DO NOT dump the muriatic acid solution down your drain or into the sewer system without neutralizing it first. To neutralize the solution, add water and baking soda or lime to another large container and slowly add the muriatic solution. Alternate between the baking soda and muriatic solution until there is no “fizzing”. Once there is no more fizzing, it should be safe to dispose of.

If you have other ways to clean seashells, I would love to hear about them in the comments below. 

How to clean sea shells with muriatic acid

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  1. Hi everyone. Nice to see some help for people that might like to enhance the seashells they collect. I use muriatic acid (dilute HCl) to clean the outer layers off rainbow kelp shells and expose the colourful nacreous layer underneath. The only comment I would make to these instructions is with regard to disposal of the acid solution. Given that you’re only likely to use up to 200 ml of acid solution, and it’s diluted, I suggest just pouring it into the middle of a gravel driveway, or similar safe place. Then just forget about it. The acid will quickly be neutralised by reaction with the gravel (I’m a retired geologist so I know about rocks). This is easier and safer than trying to neutralise it with baking soda and pouring it down a drain.

  2. Just a word of cuation…

    Your current wording of “always add water and then the concentrated acid” could lead some hasty readers to see just the first part of the sentence and do exactly the opposite of what is safe.

    To be less ambiguous, you might want to rephrase that sentence as “Always Add Acid to Water.” It is known in science classes as the ‘Triple-A rule.’ Alternatively, you could change the first ‘add’ to ‘start with’…

  3. Please tell me how to clean and polish green limpet shells. One side is a beautiful blue-green and shiny. The other side is rough like a clam shell.

    Thanks for any and all suggestions!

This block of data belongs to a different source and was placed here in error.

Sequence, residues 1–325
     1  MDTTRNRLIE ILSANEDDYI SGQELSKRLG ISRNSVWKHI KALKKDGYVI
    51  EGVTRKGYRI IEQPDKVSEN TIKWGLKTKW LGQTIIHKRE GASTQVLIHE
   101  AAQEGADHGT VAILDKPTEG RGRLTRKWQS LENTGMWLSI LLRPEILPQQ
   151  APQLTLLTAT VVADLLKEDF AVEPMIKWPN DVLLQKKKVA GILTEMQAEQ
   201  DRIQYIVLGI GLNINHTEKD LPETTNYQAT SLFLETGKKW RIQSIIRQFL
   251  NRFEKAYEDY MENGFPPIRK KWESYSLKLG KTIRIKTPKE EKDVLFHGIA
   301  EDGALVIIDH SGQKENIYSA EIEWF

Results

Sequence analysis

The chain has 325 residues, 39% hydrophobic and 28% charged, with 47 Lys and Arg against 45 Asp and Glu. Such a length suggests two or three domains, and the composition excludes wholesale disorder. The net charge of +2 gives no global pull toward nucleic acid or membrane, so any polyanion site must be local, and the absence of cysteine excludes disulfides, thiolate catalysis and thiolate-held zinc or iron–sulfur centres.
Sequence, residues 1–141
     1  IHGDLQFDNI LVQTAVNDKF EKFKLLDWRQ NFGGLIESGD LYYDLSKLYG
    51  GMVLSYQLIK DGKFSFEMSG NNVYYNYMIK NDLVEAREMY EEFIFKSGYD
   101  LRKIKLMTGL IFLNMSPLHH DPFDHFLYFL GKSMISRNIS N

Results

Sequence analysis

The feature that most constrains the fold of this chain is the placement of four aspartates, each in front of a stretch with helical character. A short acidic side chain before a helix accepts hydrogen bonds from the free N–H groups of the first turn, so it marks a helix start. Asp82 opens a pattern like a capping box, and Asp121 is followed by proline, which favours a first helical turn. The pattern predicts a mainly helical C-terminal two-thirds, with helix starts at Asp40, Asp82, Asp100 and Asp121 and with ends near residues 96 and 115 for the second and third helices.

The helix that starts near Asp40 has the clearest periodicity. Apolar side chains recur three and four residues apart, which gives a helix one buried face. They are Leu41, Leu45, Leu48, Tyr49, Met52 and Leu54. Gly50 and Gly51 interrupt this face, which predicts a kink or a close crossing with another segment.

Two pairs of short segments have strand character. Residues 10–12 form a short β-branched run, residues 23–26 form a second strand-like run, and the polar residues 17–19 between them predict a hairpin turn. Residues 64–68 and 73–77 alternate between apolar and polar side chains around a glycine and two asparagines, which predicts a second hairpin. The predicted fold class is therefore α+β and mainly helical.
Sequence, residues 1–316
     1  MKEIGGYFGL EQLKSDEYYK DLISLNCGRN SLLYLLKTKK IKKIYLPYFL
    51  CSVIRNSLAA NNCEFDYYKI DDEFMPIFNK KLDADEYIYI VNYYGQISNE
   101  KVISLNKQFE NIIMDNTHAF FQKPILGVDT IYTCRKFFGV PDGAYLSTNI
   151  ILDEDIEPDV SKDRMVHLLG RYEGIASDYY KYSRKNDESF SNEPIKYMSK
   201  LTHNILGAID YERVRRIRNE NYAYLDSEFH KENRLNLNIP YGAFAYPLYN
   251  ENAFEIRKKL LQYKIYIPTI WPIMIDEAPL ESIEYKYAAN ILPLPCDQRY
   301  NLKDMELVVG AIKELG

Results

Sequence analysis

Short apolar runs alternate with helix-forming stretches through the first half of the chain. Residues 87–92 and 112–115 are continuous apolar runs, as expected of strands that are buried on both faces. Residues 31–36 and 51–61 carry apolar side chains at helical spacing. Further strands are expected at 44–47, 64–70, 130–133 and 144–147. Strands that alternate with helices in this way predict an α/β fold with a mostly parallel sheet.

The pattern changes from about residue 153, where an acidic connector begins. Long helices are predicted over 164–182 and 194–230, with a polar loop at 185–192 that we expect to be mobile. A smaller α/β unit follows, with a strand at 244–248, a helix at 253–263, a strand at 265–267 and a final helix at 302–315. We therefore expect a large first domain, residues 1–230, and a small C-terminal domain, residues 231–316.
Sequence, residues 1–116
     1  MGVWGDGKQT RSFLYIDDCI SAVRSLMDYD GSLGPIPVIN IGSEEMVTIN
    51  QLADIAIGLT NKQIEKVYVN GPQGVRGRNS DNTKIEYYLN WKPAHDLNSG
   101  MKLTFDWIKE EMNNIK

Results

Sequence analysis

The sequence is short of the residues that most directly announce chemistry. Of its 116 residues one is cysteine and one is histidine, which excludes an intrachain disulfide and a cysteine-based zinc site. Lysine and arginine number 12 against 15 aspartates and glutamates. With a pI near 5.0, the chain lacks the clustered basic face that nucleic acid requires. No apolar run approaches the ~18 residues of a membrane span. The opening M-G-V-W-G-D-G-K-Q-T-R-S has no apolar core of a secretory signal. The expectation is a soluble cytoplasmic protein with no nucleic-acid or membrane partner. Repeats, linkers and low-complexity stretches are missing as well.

4. Yes this process of muriatic acid for 3 seconds works very well for crusty shells.
    Just be EXTREMELY CAREFUL not to spill or splash the acid.

    Of course as stated DO NOT dump the muriatic acid down your sink. Actually I keep the acid in a large glass jar with a tight cover – like a pasta sauce jar – and I mark the jar with “CAUTION – ACID FOR CLEANING SEASHELLS”. Keep it on a high shelf in the garage. It can be reused for a long time – each time I go to the beach I always find a few shells that need to be dipped. Just be very careful using muriatic acid. Note: don’t use this acid dip on shiny shells – it will etch and dull the shine.

    Non crusty shells that just need a good cleaning – I boil them in a pot used only for shell cleaning. I add one tablespoon of bleach to the pot of water and boil for a few minutes.


  5. I honestly only ever rinsed off the shells with a bit of soap and water so this is fascinating! Thanks so much for sharing at the Summer Time Fun Linky. Pinned.

    1. I haven’t tried using ‘green’ muriatic acid, but it looks like the same thing with less fumes so I think it should work fine. I really only use it on shells with heavy calcium build up and those that look a little dull. Otherwise, I try to just scrub the shells with a soft brush.